Walking through my orchard, I noticed a most peculiar thing. There, in a small apple tree, was a frog impaled on a short spike of a branch. But what was a frog doing in a tree?
An incredibly curious thing, I was momentarily confused as my mind tried to find an explanation. But soon enough I reasoned out the riddle… this was the work of a shrike.
If you’ve never seen a shrike, that’s understandable. They are the smallest bird of prey in North America, generally around the size of a robin. Discreetly colored in shades of gray/white with black markings about their penetrating eyes, they strike me as rather distinguished looking birds. I like them a lot, though I only catch sight of one a time or two a year. The last time I saw one, it was grabbing a small chickadee that had been momentarily stunned after colliding with my kitchen window.
Shrikes are known as the “butcher bird” because of their habit of impaling prey on thorns or barbed wire. That is what happened here. Possibly it was done to save the catch for later, assist in pulling it apart for easier consumption, or simply to mark territory. But being human, my mind immediately began to project (incorrectly, undoubtedly) conscious volition upon the shrike. I wondered what relation that instinctive act has to my drive to make art. Could they have sprung from a similar source?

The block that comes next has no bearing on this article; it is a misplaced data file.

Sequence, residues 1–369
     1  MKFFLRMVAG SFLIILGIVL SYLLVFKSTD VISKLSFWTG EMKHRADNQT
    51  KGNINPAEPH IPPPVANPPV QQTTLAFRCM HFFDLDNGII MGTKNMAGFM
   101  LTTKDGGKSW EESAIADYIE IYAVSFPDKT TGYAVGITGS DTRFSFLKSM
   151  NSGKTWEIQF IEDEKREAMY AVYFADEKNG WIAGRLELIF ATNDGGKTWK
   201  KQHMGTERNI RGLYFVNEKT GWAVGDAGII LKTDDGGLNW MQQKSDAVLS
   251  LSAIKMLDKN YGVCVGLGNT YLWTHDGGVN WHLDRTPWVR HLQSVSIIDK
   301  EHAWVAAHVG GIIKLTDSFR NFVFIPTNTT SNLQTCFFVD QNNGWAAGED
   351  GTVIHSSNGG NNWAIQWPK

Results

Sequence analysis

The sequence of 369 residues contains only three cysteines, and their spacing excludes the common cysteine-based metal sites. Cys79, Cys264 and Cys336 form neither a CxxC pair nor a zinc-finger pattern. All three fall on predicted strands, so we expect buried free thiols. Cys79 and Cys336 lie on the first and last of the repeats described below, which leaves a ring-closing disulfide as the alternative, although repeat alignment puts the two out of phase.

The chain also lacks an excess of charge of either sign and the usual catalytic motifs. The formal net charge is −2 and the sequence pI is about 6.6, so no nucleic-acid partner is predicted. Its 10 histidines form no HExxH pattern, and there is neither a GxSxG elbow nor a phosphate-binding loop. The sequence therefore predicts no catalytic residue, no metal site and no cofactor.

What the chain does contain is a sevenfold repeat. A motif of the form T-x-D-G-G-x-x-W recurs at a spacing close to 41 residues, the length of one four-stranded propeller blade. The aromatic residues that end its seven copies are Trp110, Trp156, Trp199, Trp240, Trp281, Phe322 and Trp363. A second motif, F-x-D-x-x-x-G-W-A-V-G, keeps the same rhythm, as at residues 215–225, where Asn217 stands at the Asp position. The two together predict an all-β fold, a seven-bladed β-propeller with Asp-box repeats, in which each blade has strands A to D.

What I do know is I immediately began to imagine visual connections. The “expression” and articulation of the frog brought to mind the sculpture of St. Theresa by Bernini.
I can’t entirely explain it. Side-by-side I don’t even know they are that similar. And yet I feel it. I feel that Renaissance obsession with “The Agony and the Ecstasy.” The frog by no means looks joyful, yet it does look ecstatic. It appears to connect with some deeper expression of nature that bridges the gap between the dualities of life and death. No doubt it does look grim, yet I find it incredibly compelling. Do I sense a subtle touch of grace? Far from being simply food, has the act of the shrike memorialized and ennobled the life of this frog beyond what it could have otherwise attained?
The other image that came to mind were standing not too far away, my Impaled Cairn sculptures.
How different was my act of creating those works from the act of this bird? Do I even understand the instinct that led to their creation? Does the shrike understand his?
What I’m left with is this meditation and the profound feeling of connection to this land upon which I walk. I share it with innumerable other living forms, each of us acting out our parts in the greater whole.